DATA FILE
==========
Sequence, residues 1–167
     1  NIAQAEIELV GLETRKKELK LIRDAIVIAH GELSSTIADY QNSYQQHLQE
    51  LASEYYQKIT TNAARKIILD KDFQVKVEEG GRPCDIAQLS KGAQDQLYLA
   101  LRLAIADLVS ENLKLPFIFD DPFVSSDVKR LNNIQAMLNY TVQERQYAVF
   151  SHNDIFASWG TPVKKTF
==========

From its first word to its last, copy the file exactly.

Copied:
Sequence, residues 1–167
     1  NIAQAEIELV GLETRKKELK LIRDAIVIAH GELSSTIADY QNSYQQHLQE
    51  LASEYYQKIT TNAARKIILD KDFQVKVEEG GRPCDIAQLS KGAQDQLYLA
   101  LRLAIADLVS ENLKLPFIFD DPFVSSDVKR LNNIQAMLNY TVQERQYAVF
   151  SHNDIFASWG TPVKKTF